Overlapping differentially expressed gene sets/pathways from cross comparison of the muscle sequencing datasets are shown in Table 3. The greatest number of differentially expressed gene sets/pathways occurred when RT-AS ≤ 2 was compared to RT. All seventy-four (Table 3) of the differentially expressed Reactome pathways in this comparison were unique and eleven of twelve of the differentially expressed KEGG pathways for this comparison were unique. A Venn Diagram for RT-AS ≤ 2 compared to C, RT and RT-AS ≥ 10 for GO BP gene sets are shown in Fig. 5.
Lists of all gene sets and pathways and associated FDR values for all returning participant and group comparisons that were subjected to GSEA are available on OSF . Lists of GO BP and GO MF gene sets and KEGG and Reactome pathways that have overlapping expression data with FDR < 0.05 based on cross comparison of the muscle sequencing datasets are also available (Additional File 4–7).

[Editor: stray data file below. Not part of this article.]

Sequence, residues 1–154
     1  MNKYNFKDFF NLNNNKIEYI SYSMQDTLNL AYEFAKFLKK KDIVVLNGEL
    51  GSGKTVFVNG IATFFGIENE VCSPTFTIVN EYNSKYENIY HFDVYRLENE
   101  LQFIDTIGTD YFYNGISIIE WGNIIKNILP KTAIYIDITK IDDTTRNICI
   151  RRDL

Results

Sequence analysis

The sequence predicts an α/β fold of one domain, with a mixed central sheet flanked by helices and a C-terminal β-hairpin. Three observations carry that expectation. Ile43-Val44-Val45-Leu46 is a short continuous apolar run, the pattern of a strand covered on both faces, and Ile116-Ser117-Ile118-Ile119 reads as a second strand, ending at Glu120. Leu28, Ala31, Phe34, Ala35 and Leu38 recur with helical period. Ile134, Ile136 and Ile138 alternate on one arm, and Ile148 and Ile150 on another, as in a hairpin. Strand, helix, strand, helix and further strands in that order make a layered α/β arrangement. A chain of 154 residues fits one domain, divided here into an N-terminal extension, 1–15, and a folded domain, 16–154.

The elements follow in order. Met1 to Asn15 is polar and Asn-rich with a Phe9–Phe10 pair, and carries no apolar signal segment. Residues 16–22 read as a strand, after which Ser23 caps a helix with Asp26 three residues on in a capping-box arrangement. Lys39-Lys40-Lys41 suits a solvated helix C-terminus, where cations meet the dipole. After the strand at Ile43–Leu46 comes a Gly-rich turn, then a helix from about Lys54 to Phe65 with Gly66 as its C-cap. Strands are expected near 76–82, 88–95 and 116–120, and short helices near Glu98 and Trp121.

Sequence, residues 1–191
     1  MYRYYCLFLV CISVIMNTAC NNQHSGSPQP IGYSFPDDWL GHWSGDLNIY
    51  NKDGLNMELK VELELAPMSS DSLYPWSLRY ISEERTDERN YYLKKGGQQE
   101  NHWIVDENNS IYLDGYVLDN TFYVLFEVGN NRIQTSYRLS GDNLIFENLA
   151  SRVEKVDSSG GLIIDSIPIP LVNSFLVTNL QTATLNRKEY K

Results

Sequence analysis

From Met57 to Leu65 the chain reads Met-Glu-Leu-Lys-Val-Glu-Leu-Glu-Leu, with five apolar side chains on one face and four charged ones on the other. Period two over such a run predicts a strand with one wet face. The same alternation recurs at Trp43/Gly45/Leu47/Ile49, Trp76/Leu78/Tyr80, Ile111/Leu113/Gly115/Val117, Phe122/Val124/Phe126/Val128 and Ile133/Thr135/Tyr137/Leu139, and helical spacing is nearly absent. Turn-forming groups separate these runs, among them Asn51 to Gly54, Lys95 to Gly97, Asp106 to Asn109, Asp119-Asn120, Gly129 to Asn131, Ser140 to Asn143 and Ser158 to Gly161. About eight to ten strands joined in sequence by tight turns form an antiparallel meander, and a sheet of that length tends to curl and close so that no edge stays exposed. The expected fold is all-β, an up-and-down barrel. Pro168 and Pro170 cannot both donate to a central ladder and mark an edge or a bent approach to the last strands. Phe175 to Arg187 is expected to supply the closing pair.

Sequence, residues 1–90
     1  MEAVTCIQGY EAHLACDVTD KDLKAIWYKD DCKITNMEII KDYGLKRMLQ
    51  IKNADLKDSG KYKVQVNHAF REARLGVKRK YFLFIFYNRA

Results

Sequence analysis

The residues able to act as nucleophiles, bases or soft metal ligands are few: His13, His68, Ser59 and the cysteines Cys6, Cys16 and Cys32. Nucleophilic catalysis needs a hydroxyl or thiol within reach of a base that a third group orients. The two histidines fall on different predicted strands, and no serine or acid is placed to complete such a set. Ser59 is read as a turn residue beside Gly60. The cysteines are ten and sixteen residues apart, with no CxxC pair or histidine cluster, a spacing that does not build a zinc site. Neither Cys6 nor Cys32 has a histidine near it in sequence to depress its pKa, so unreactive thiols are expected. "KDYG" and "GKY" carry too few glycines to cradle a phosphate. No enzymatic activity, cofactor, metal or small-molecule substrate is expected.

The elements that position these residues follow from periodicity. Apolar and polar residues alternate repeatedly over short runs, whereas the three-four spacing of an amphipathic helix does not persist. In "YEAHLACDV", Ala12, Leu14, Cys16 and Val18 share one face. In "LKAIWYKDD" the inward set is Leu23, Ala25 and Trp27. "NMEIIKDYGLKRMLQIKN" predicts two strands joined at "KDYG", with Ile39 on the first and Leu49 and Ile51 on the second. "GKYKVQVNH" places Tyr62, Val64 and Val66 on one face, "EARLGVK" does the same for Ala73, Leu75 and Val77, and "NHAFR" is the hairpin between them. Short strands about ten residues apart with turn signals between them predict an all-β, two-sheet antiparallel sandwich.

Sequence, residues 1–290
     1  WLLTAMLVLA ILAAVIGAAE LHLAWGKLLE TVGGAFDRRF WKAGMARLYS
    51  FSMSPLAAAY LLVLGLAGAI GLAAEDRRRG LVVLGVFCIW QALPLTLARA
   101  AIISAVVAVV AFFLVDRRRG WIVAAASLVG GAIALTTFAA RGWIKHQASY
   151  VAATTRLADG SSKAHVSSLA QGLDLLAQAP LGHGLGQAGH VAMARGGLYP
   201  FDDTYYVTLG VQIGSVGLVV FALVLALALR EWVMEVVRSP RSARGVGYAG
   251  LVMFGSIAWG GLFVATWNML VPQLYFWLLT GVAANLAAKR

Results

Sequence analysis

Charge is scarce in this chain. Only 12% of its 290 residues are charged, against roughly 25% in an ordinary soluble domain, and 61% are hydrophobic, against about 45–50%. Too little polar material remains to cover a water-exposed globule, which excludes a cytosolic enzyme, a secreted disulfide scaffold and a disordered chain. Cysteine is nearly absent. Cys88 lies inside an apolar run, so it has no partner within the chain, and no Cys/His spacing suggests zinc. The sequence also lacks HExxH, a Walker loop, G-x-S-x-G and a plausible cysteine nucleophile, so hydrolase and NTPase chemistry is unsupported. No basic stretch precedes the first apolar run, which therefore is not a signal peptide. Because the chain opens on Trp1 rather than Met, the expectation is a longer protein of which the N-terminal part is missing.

Although AAS are primarily used for hypertrophic benefit, their adverse and corollary effects on other physiological systems are also well documented . AAS usage is known to stimulate erythropoiesis directly and EPO synthesis in the kidney , alongside promoting erythropoietic stem cell differentiation . rHuEPO administration studies [12, 13] have shown a cross-platform  whole blood transcriptional signature to rHuEPO doping that may provide novel biomarkers for the haematological module of the ABP that are largely unconfounded by exercise  and altitude exposure . Despite this connection, limited research  on the potential of a whole blood transcriptional response to AAS exposure exists, although one study has shown that circulating levels of the liver specific miR-122 may act as a biomarker of testosterone abuse . In this present study, RNA libraries were sequenced twice and cross-compared to verify the identified differentially expressed genes/pathways. However, it should be noted that orthogonal method validation (e.g., qPCR) would provide a further level of verification to the findings in this study. Additionally, only DGE and GSEA was conducted on the sequencing datasets. Although not an intended goal of this research study, alternative splicing/isoform analysis may have identified additional differentially expressed transcripts that do not emerge at the gene level and future studies may want to investigate these transcripts. AAS users who self-declared AAS cessation ≤ 2-weeks prior to first sampling and returned 19–28 weeks later, did not show differences in gene expression in whole blood between time points when all samples (i.e., the full dataset) was analysed (Additional File 2 Table 14a). Re-sequencing of these RNA libraries and removal of one sample for aberrant sequencing quality control values unique to this re-sequencing dataset (i.e., the MGI dataset) did show some differences in gene expression between time points (Additional File 2 Table 14b), but this reduction in statistical power from lower participant numbers could have influenced this dataset specific result. Both returning participant whole blood sequencing datasets did not show any differences in the gene sets or pathways tested between timepoints.